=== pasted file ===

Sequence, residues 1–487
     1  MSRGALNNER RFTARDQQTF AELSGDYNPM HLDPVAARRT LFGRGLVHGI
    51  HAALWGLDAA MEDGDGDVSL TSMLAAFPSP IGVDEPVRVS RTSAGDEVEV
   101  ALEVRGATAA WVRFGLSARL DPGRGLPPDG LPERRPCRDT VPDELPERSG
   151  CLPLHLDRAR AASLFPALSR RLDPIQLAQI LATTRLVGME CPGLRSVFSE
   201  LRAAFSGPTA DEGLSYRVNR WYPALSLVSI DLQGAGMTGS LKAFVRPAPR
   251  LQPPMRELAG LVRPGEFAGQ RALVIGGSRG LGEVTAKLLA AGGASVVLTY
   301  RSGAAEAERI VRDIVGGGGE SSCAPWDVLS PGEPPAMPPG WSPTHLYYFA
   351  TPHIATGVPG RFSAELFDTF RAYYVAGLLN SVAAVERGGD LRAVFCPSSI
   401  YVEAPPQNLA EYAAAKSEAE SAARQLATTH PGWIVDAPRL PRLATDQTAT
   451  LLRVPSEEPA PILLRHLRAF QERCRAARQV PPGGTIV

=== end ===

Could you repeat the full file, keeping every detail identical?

Sequence, residues 1–487
     1  MSRGALNNER RFTARDQQTF AELSGDYNPM HLDPVAARRT LFGRGLVHGI
    51  HAALWGLDAA MEDGDGDVSL TSMLAAFPSP IGVDEPVRVS RTSAGDEVEV
   101  ALEVRGATAA WVRFGLSARL DPGRGLPPDG LPERRPCRDT VPDELPERSG
   151  CLPLHLDRAR AASLFPALSR RLDPIQLAQI LATTRLVGME CPGLRSVFSE
   201  LRAAFSGPTA DEGLSYRVNR WYPALSLVSI DLQGAGMTGS LKAFVRPAPR
   251  LQPPMRELAG LVRPGEFAGQ RALVIGGSRG LGEVTAKLLA AGGASVVLTY
   301  RSGAAEAERI VRDIVGGGGE SSCAPWDVLS PGEPPAMPPG WSPTHLYYFA
   351  TPHIATGVPG RFSAELFDTF RAYYVAGLLN SVAAVERGGD LRAVFCPSSI
   401  YVEAPPQNLA EYAAAKSEAE SAARQLATTH PGWIVDAPRL PRLATDQTAT
   451  LLRVPSEEPA PILLRHLRAF QERCRAARQV PPGGTIV